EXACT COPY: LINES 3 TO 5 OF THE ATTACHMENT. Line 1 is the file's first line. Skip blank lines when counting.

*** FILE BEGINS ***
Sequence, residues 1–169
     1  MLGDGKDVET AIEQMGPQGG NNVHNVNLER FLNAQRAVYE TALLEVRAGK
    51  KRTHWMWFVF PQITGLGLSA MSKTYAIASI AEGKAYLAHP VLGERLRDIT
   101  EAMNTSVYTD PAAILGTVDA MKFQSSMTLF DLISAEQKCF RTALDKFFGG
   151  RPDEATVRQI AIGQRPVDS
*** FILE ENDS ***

    51  KRTHWMWFVF PQITGLGLSA MSKTYAIASI AEGKAYLAHP VLGERLRDIT
   101  EAMNTSVYTD PAAILGTVDA MKFQSSMTLF DLISAEQKCF RTALDKFFGG
   151  RPDEATVRQI AIGQRPVDS